Tuesday, 30 October 2018

RIP XIII Book The Third: Strange Weather by Joe Hill

It's disturbing to me that one family can create two such excellent writers of scary shit. I think I've said in every Joe Hill review so far, 'I don't want to compare Joe Hill to his dad but hey did you know that his dad is Stephen King?' and now we've got that out of the way, let's talk about this book.

I believe this is Joe Hill's first collection of novellas, and my GOD it is a length that he excels at. This book is fairly large, but I read most of it in a day because I literally couldn't stop. At the end of each novella, I felt like I should stop reading and do something productive or something, but I also didn't want to, so I didn't. These stories are so engaging and excellent and I literally couldn't get enough of them, and had they all been novel length that would have been wonderful. 

Let's discuss each novella individually:

As the title suggests, this story is about a creepy ass camera which I can't really talk about because it's a spoiler, but just believe me when I tell you that it does bad things. Our hero is a young boy who watches the bad things happen and eventually takes on the villain with the camera, and the story is especially good for the fact that he's recounting this as an adult. This novella was particularly scary in a human way, because the subtext of it is dementia and the way that as people forget themselves, they themselves are also forgotten. This made it surprisingly moving, as well as chilling as heck.

This story started with gun crime and then became bonkers awful and terrifying. It's kind of the classic story of a man committing one crime and then having to continue committing more crimes to cover his tracks, but it's probably a lot more horrible than you're thinking. There are some not veiled at all messages about gun control in this story (love you, Joe Hill) and the fact that it's all real world with nothing supernatural makes it a lot more upsetting than it might otherwise be. It's horrid and scary and makes you feel like the world is fucked because this is real life (you know, kinda)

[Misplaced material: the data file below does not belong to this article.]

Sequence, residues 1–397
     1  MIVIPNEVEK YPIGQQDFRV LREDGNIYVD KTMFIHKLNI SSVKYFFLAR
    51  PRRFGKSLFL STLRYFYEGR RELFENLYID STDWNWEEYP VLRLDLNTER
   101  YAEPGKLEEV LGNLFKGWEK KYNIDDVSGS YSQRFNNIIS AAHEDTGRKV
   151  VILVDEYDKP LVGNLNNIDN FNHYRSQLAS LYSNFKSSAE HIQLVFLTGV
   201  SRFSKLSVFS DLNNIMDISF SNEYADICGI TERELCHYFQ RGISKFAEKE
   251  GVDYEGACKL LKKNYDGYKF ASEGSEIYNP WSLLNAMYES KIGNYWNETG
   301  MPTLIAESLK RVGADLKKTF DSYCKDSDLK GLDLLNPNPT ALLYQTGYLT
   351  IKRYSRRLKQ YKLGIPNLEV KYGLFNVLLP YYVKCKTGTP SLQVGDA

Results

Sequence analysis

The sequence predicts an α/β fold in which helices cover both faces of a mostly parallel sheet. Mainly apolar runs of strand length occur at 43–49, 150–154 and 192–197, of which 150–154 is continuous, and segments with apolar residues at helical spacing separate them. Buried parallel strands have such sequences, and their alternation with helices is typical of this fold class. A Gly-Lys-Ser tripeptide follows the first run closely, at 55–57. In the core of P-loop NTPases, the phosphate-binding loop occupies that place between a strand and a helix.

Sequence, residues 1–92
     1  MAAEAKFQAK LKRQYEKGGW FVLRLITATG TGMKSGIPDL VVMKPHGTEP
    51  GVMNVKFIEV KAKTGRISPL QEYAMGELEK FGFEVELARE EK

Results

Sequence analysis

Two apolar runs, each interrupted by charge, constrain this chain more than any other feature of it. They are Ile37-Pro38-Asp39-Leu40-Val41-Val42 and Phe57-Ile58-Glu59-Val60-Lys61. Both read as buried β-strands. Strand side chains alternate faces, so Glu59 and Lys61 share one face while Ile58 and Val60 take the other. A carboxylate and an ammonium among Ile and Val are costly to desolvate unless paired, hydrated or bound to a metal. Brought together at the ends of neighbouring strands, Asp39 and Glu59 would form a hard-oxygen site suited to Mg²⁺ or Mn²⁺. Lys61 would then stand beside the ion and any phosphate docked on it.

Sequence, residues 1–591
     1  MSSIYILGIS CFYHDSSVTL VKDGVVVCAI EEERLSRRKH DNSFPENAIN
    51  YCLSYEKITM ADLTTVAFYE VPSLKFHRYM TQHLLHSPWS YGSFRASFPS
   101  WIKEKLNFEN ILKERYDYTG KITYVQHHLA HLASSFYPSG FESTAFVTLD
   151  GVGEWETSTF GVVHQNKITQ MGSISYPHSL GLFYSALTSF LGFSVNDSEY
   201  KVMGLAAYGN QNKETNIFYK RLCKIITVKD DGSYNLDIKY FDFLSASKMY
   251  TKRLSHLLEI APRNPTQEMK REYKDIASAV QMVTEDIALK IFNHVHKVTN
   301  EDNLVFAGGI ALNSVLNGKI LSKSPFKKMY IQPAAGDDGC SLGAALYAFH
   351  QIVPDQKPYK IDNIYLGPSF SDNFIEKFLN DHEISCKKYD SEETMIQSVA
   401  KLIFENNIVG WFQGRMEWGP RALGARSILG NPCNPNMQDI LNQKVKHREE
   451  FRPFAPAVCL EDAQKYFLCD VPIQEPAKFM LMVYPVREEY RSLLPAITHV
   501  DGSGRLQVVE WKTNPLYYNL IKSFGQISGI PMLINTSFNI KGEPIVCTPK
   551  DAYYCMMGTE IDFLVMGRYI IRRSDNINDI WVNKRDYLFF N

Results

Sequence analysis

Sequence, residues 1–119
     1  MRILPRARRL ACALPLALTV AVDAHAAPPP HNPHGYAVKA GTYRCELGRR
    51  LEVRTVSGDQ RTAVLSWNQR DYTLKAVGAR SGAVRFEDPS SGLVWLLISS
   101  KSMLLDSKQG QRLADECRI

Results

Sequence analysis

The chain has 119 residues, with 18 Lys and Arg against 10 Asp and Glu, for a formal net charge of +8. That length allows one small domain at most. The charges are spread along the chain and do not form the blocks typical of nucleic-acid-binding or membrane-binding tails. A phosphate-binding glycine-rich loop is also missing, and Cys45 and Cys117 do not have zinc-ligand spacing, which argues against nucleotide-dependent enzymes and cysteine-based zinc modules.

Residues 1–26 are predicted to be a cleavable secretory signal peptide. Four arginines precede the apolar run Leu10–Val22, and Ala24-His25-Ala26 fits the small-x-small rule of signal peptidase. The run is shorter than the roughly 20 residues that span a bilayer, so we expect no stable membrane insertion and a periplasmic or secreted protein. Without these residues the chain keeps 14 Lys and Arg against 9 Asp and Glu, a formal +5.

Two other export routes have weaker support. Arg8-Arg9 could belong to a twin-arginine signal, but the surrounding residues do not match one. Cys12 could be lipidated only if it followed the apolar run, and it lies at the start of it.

This story was weeeeird. It was probably my least favourite of the collection (because it was weeeeird! But not in a good way) but because this collection is so good, it was obviously still pretty decent. It starts pretty innocuously, with a group of people in a plane, getting ready to skydive out in memory of their friend/sister who has just died of cancer. Our hero, who is only there to impress the girl he loves, is in the process of chickening out when he is forced to jump, and he lands on a solid cloud. His time on the cloud serves as a learning and growing experience and for me the most interesting parts were his memories of his time on earth as opposed to his (seriously weird) experiences on the cloud. Interesting, but strange, but interesting... But still not my favourite.

THIS WAS THE BEST ONE. Ahem. But seriously. This novella is an apocalyptic dystopia, aka the best kind, aka my absolute favourite jam. Our story starts tragically, with a load of the population dying in a rainstorm of needles because rain has turned to rock (essentially) in the clouds. This is made especially sad because the first rainstorm happens on the day that our heroine's girlfriend is meant to be moving in with her, and so she watches her and her mother die in the storm. From then onwards, everything gets grimmer and grimmer, more and more people die and our heroine goes on a pilgrimage to tell her father in law (ish) that his wife and daughter are dead. GRIM right? It's also, delightfully, a detective story of sorts - who has done this to the clouds, and who has the power to stop it? It's a fabulous end to a fabulous collection of stories.

So, seriously. This book is great and you should definitely read it and everything in the world will be good but also, so horrible. It's confusing, yes.

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